New blood test could detect heart disease in asymptomatic patients

Researchers have developed a blood test that may help detect heart disease in asymptomatic individuals by measuring the immune system’s response to inflammation, a symptom tied to various age-related diseases like dementia and arthritis. In a nine-year-long study of 90 people without heart disease, the test, which spits out a number indicating risk, was better at predicting the condition than a CRP test or cholesterol testing, which is accurate only about half the time. Heart disease remains the leading cause of death worldwide, accounting for about 610,000— or one in four— deaths each year in the United States alone, according to the Centers for Disease Control and Prevention (CDC).

“There hasn’t been much immunology in cardiology, and almost any cardiology in immunology,” senior author Mark M. Davis, director of the Institute for Immunity, Transplantation and Infection at Stanford University, told “So these are fields that need to talk to each other more … [so that] cardiologists can feel comfortable looking at immunological data and deciding what might work best for their patients.”

Davis and his team began by administering an annual flu shot to 29 people— 19 older and 10 younger— to study how their cells responded to the vaccine.  They determined this response by studying how much of the vaccine ran through the participants’ blood. Over the course of nine years, this participant group would expand to 90 people— 60 people over age 60 and 30 people under age 40— all of who were given the vaccine, and assessed annually with various tests to study their immune function and markers of inflammation.

It’s well known that as an individual ages, his or her immune system falters. That’s why older patients don’t respond as well to the flu vaccine as younger people. But researchers drew a correlation between the participants’ vaccine response and levels of chronic inflammation. Inflammation is also tied to heart disease.

The immune system consists of specialized white blood cells, which fight infection and talk to each other with small, secreted molecules called cytokines, said Davis, who is also a microbiology and immunology professor at Stanford. Cytokines are known to kick the immune system into high gear and are essentially the hormones of the immune system, while the blood is the highway of the immune system.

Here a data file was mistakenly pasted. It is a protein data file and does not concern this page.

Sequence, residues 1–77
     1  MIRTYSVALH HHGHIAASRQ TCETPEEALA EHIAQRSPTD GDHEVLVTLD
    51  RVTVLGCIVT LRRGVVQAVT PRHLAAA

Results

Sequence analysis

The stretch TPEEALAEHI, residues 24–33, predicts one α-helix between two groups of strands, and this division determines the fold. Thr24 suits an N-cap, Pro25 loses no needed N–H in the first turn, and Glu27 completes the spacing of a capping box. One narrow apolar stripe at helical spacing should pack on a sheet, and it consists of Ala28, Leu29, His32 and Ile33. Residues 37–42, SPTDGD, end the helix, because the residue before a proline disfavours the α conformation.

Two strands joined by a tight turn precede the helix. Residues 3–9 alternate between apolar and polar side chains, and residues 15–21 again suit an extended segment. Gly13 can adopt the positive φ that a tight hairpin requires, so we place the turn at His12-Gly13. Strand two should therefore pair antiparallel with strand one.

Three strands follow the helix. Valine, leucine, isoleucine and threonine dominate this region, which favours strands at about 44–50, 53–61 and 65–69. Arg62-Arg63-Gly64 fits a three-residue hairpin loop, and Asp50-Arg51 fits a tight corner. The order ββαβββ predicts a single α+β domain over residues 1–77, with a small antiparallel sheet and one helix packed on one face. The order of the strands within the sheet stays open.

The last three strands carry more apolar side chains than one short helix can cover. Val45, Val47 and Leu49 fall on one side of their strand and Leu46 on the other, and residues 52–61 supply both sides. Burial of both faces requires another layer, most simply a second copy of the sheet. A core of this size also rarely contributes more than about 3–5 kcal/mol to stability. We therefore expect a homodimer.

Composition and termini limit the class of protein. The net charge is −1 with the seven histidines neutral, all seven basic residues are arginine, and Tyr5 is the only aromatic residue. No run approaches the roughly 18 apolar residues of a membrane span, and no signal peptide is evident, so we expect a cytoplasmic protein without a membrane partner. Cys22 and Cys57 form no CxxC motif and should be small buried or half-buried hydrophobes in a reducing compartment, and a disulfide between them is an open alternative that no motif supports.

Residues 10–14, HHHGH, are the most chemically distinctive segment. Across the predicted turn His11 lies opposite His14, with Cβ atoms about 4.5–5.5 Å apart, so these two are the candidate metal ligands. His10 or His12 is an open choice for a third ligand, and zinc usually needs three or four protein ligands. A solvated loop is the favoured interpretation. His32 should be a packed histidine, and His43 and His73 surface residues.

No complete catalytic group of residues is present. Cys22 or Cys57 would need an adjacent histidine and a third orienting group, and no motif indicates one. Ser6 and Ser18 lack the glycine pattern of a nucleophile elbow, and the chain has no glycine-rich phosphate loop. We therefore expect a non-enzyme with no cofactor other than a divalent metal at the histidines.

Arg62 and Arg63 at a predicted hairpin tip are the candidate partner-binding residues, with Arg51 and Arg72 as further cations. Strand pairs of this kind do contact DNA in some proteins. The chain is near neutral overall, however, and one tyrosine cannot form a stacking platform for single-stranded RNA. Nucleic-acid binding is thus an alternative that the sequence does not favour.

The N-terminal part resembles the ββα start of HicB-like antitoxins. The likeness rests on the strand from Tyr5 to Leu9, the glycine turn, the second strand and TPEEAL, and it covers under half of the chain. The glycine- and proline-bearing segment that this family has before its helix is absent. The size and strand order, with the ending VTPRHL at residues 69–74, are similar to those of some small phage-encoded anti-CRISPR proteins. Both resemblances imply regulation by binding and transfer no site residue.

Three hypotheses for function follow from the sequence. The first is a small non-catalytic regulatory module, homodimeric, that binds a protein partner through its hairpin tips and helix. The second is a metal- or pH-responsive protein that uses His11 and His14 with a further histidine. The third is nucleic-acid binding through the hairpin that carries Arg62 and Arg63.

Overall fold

Separately in a lab dish, Davis and his team analyzed how participants’ immune cells responded to cytokine stimulation. This stimulation triggers chemical changes in intracellular substances called STAT proteins, which in turn stimulates more immunological activity.

In the young patients, cytokine stimulation led to high activation of STAT proteins, but in the older group, STAT protein activity rose significantly less.

However, in the older patients, pre-stimulation levels of STAT protein activation were significantly higher than in those from young people, suggesting their immune systems are constantly in an overstimulated state.

“That suggests [the older patients are] already getting some kind of stimulation even if you’re not doing anything to them,” Davis said. “So they have a low level of cytokines in blood that is chronically stimulating white blood cells— that would be chronic inflammation, and it doesn’t suggest good things about how well your immune system might be functioning.”

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Using those observations and mixing 15 cytokine-responsive measurements, researchers devised a cytokine response score. Higher scores signaled lower inflammation and greater immune response.

Researchers gathered the cytokine response scores of 40 older subjects and cross-referenced results from their cardiovascular health assessments, which they took up to two years later. They drew correlations between the cytokine response scores and the participants’ clinical signs of atherosclerosis, a disease wherein plaque accumulates in the arteries, as well as two other tests that measure the heart’s ability to relax between beats. The scores were better at predicting signs of inflammation-based cardiovascular risk than the standard CRP test.

Next, Davis and his team are collaborating with scientists at other universities to better understand how immune system changes may correlate to clinical health outcomes— and not just heart disease but other age-related diseases, too.

“We’re putting that data together and trying to create a profile of healthy people with different ages to say, ‘What’s normal?’ ‘What’s the normal range of someone who is reasonably healthy?’” Davis said. “And of course people are not always healthy, and in a long-range study they die of different things—cardiovascular disease and cancer—and ‘Can we see anything leading up to that that could be a signal of someone that’s in danger?’”

As for the cytokine response score, the test is too complex to be rolled out in a clinical setting just yet, but Davis said it could be easily simplified and commercialized.

“I hope it will attract interest and that other people will confirm it with other studies,” he said, “and hopefully a company would license it and develop a practical test.”

Study results were published online Thursday in the journal Cell Systems.